if we are to prove

X-(X-A) = A,

what we normally do is for an arbitrary x suppose ,

x E X-(X-A)

--> proof

--> x E A

and then

x E A

--->proof

---> x E X-(X-A)

this tells us X-(X-A) = A,

its perfect and theres no wrong with it.

but my question is what happens if I use biconditional statement as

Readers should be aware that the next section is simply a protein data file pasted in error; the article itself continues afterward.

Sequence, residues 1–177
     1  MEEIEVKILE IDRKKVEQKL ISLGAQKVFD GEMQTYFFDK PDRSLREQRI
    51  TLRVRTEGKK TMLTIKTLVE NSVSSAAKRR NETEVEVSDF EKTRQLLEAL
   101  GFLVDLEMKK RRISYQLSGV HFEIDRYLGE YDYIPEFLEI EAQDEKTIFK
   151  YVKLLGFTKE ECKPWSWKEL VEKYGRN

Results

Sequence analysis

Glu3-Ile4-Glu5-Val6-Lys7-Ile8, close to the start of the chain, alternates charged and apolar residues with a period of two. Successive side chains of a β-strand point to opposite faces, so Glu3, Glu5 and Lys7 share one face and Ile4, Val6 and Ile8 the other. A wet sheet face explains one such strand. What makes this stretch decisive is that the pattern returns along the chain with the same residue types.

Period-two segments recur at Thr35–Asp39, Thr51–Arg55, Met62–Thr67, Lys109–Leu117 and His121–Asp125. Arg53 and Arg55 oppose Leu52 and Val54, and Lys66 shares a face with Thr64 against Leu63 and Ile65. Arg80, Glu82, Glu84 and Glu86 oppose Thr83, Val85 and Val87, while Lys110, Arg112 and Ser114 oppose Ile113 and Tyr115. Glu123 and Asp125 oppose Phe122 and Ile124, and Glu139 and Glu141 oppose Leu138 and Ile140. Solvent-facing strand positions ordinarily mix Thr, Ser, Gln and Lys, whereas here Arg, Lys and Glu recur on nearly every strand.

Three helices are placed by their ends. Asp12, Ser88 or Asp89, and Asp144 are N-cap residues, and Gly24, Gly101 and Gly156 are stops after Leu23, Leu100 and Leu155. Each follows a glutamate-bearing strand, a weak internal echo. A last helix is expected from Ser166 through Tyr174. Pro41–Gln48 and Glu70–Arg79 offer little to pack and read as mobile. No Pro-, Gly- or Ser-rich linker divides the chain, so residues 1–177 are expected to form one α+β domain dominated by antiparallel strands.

x E X-(X-A) <---> x E X AND x ~E X -A

<---> some proof here

<---> x E A

then we dont want to split it into two parts as did earlier.

but why dont we normally prove like this???